SV Mazurka Plugin:


    MzChronogram -- Time-domain analogy to spectrograms.
    The MzChronogram plugin displays a time-domain signal in two dimensions as if it were a set of frequency frames in a spectrogram. The time sequence runs from top to bottom, from left to right. Stable periodic sounds generate displays of parallel lines with the line slope dependent on the frequencies of the sinewaves.


    MzChronogram accepts 6 input parameters:

    1. Vertical period
      The pixel height of each channel in terms of the number of audio samples to display in each data column.
    2. Frequency
      The height of each channel display in terms of a frequency (inverse of period). If this value is changed from its default setting, then the plugin will use this value instead of the vertical period parameter.
    3. Chroma
      The pitch-class for a frequency height specification. If the chroma is set to a value other than "none", then the vertical period will be calculated from the fundamental frequency of the specified pitch-class at the given octave (overriding both the vertical period and frequency parameters).
    4. Octave
      Used in conjunction with the chroma parameter. Octave 4 is the octave of middle C (C4). Frequencies are calculated from the chroma/octave values using equal-temperament with A4=440 Hz.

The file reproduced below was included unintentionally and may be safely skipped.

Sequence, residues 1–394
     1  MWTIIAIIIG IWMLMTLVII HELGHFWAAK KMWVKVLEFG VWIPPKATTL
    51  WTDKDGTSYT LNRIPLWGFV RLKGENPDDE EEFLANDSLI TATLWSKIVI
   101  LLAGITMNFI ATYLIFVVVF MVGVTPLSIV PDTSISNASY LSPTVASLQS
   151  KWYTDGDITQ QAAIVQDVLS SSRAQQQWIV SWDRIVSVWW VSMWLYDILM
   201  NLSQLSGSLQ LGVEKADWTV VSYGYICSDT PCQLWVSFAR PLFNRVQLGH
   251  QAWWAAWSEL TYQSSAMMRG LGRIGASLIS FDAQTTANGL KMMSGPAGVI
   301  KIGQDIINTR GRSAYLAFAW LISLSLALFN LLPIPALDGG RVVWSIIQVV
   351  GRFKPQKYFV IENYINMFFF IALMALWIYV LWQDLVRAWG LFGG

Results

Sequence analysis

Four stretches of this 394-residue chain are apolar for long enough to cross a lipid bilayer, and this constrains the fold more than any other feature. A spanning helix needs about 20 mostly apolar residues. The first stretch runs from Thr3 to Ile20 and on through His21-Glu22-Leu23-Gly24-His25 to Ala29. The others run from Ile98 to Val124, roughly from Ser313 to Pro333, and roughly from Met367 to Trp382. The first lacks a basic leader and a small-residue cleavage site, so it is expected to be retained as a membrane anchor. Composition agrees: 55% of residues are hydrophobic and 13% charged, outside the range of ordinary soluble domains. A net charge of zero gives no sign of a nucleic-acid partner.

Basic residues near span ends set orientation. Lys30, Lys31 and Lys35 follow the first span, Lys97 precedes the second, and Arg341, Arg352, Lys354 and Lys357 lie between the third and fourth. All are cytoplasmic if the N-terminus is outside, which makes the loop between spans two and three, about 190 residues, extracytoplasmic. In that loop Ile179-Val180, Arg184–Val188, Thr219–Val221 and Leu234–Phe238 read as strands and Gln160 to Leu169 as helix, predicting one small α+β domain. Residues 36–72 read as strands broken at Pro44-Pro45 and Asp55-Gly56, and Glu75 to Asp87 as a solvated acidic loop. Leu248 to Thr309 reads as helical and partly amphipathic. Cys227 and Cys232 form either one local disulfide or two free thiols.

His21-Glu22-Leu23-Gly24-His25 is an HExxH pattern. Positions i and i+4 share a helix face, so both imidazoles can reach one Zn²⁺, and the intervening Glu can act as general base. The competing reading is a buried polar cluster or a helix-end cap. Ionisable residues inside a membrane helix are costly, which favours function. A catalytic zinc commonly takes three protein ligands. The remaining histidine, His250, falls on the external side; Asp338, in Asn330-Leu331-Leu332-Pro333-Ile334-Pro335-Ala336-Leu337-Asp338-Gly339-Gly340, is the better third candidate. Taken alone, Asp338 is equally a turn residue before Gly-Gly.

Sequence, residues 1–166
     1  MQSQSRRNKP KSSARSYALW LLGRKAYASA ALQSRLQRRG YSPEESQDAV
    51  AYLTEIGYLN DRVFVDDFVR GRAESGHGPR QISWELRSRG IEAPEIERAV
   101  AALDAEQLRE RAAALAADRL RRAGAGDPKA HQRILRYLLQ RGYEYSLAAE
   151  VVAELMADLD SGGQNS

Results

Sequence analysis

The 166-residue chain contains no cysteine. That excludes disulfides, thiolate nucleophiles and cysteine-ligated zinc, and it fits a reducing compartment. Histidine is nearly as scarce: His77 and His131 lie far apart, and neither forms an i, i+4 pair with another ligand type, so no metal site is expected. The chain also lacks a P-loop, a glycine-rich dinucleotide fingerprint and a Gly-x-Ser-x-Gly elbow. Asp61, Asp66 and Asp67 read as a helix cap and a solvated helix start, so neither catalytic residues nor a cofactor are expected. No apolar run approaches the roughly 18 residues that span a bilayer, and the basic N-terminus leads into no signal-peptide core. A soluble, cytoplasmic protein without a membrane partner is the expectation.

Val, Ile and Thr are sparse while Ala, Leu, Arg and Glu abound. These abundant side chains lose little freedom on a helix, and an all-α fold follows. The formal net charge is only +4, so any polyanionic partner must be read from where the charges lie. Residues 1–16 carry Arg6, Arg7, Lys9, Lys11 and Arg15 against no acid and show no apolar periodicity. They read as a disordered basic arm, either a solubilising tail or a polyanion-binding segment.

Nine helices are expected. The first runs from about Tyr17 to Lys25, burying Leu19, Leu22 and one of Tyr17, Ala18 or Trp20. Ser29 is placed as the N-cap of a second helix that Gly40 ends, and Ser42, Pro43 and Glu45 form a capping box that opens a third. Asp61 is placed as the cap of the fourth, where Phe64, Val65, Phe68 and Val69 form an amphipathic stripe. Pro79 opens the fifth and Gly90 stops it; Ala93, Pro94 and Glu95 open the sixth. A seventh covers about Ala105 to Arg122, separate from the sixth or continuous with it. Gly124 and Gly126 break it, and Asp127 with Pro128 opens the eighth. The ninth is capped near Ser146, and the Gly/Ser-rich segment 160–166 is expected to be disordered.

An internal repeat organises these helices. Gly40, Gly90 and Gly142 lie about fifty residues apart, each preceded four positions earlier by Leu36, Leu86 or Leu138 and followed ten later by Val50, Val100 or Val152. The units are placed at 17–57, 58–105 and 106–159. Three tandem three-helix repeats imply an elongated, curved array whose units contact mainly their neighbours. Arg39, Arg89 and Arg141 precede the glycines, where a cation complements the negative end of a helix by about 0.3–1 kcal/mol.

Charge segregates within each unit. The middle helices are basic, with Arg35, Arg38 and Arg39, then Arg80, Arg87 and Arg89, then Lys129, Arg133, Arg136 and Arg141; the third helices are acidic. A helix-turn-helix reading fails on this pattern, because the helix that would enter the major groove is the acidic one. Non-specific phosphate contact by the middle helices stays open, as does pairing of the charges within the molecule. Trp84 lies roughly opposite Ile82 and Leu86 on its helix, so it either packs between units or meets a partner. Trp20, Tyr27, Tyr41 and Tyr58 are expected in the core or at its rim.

5. Channel view
      By default, all audio channels will be displayed in the chronogram. You can also use this parameter to display only the left channel, right channel or the stereo difference.
    6. Sensitivity
      A parameter which controls the contrast between low amplitude and high amplitude parts of the audio data.


    The following diagram demonstrates how the sound samples are filled into a two-dimensional grid in the chronographic display. The audio is split up into frames equal to the number of rows in the chronogram. Then the frame column is filled with audio sample data from the top to the bottom of the column. In Sonic Visualiser, the chronogram columns line-up exactly with the corresponding display of the audio waveform.

    When a sound contains a period which is an exact multiple of the vertical period of the chronographic display, that sound will be displayed as horizontal lines on the display as shown in the figure below. In this example, there is a sinewave oscillator which plays 43 Hz for one second, then sweeps up to 5 * 43 = 215 Hz and stays there for one second, then sweeps up to 10 * 43 = 430 Hz and stay there for one second. In each case where the frequency is a multiple of the sampling rate divided by the vertical period of the chronographic display, horizontal lines will be displayed. The number of horizontal lines indicates the frequency of the pitch. For example, the middle of the picture where there are 5 red bands indicates a frequency of 5 * 44100/1024 = 215 Hz.

    Click here to listen to the corresponding sound.